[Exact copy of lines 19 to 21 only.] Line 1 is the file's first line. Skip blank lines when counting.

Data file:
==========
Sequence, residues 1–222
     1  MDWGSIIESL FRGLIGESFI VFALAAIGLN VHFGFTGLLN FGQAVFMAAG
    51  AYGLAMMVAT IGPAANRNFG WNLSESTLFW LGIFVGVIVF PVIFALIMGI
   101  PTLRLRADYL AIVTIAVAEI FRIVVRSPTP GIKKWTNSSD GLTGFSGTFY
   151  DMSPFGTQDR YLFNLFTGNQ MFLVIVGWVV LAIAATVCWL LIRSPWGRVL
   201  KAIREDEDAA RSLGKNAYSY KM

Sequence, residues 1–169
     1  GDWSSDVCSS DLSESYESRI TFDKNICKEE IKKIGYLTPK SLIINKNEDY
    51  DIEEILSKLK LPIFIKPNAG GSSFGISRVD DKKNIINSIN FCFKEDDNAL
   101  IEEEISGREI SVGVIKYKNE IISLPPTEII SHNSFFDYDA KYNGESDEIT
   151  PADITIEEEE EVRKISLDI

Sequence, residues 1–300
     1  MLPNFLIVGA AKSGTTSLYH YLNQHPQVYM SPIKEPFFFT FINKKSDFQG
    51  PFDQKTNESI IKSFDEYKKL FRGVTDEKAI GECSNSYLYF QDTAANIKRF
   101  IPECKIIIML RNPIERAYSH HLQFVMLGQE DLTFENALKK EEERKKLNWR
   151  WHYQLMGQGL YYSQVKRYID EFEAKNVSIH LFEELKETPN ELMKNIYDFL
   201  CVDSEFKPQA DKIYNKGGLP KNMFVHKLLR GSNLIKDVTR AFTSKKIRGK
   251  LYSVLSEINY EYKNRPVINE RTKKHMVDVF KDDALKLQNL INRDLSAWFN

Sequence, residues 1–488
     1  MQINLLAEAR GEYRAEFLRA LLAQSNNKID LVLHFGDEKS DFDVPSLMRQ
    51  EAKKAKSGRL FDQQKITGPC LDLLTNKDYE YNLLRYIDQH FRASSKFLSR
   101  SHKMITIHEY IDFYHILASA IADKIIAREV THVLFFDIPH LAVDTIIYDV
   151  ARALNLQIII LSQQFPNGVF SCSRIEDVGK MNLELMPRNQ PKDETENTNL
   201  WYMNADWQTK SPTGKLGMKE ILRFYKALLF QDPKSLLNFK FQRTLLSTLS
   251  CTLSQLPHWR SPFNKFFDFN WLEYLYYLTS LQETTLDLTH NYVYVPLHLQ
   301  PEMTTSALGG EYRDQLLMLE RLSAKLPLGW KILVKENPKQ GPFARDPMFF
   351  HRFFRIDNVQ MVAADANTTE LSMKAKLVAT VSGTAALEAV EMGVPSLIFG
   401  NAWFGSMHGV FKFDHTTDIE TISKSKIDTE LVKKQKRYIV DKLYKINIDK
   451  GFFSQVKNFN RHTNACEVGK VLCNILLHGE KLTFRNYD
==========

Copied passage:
Sequence, residues 1–488
     1  MQINLLAEAR GEYRAEFLRA LLAQSNNKID LVLHFGDEKS DFDVPSLMRQ
    51  EAKKAKSGRL FDQQKITGPC LDLLTNKDYE YNLLRYIDQH FRASSKFLSR